Below are a few more of my doodles as I follow along with World Watercolor Group’s daily prompts over on Instagram. Wishing you a peaceful day, which seems hard to come by with all that is going on in the world right now. Stay safe 💕


 

7 thoughts on “ME/CFS (Myalgic Encephalomyelitis/ Chronic Fatigue Syndrome) Awareness Week 1 💙

  1. This is a WONDERFUL post…….it is heart breaking to read and I am so very sorry that you are going through all of this. Thank you for your willingness to talk about mourning losses…….there are just words some days to talk about all the loss……..and I am thankful you have resting buddies too.

    Liked by 1 person

    1. Thank you, Wendi 🌸 It’s difficult to be so honest and revealing but if we don’t share the truth in how this illness impacts our lives, nobody will ever know. Truthfully I would love to just write – this is horrific.

      My buddies make each day better. 💖

      Hoping today is treating you kindly. Trying times right now and it’s definitely affecting us all in different ways. Take good care 💙

      Liked by 1 person

      1. You are right, it is very difficult to be very honest, I know so many just want to read that everything is ok. I remember writing in a somewhat recent post that being chronically ill “sucks ass.” I think if offended some people but if it did that means they don’t live this life.
        I am so glad your buddies make each day better………I have a couple of furry babies too and they make my day so much better. It is nice not to have to be alone. 🙂

        Liked by 1 person

  2. Thank you for spilling your guts out here. It’s a great reminder for all of us to appreciate what we have (especially our health) and not take it for granted.

    Liked by 1 person

  3. Wow Mishka, this is amazing! Thank you for so honestly sharing your experiences, you have done brilliantly. I wish there was a test too, it would make things a lot more tolerable with trying to find acceptance and with moving forward. “I had no idea what that was and despite him telling me there’s no cure, I thought for sure I’d go home and find a cure online” – I felt the same. I really struggled with the fibro & ME/CFS diagnoses with the lack of anything to really make things better, only having ways (like resting) to keep towards baseline levels of awfulness. You’ve done such a great job with this post and showing insight into ME/CFS life  ♥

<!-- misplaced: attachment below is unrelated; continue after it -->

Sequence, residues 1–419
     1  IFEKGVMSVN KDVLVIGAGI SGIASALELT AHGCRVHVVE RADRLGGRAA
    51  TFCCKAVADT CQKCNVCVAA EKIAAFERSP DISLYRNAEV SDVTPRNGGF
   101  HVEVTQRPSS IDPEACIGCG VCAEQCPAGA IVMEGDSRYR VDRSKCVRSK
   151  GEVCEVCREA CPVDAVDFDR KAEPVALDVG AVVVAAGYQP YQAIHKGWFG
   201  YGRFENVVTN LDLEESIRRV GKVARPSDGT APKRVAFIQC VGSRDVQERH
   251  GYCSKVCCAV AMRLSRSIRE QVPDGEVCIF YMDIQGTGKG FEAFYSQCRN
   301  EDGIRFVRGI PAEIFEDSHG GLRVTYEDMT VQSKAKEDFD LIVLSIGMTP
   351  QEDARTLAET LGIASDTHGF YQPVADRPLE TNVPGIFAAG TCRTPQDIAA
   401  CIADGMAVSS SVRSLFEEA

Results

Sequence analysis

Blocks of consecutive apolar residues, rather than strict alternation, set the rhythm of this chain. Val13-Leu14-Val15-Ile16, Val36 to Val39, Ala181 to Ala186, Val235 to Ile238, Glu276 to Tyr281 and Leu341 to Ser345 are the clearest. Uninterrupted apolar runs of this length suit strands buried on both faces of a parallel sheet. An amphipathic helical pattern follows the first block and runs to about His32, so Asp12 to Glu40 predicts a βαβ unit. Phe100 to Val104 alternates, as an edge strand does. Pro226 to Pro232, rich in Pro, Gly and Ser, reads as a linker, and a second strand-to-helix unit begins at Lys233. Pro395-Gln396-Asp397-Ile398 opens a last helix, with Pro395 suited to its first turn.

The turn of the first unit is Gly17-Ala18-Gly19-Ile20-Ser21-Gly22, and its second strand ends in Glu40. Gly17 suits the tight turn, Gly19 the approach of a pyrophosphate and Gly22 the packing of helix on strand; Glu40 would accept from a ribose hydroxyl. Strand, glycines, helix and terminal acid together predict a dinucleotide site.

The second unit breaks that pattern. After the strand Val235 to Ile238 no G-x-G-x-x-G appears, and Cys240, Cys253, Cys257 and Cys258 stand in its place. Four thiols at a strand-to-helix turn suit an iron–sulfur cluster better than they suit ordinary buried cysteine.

Caz xx

    Liked by 1 person

    1. Thank you, Caz 🌸 When I was diagnosed with FM back in ‘04 I made some simple tweaks to my diet and exercise and it barely impacted my life. I’d tackled this monster (FM) with no cure so I really thought I could do the same with MECFS. Boy was I wrong. Not only can you not do anything to fix it, you can barely keep it from dragging you down. I literally feel like I’m barely treading water everyday. People who say they are the same, FM and ME, all I can think is absolutely not, but I’m not pretending that I know that for certain. I’ve been told FM can be mild and range to severe, so maybe that’s what happened. Anyway, thank you for stopping in and for sharing your thoughts. Awareness month is exhausting, I’m already flaring, but if we reach more people it will help so onward we march. Take good care 💙💙💙

      Liked by 1 person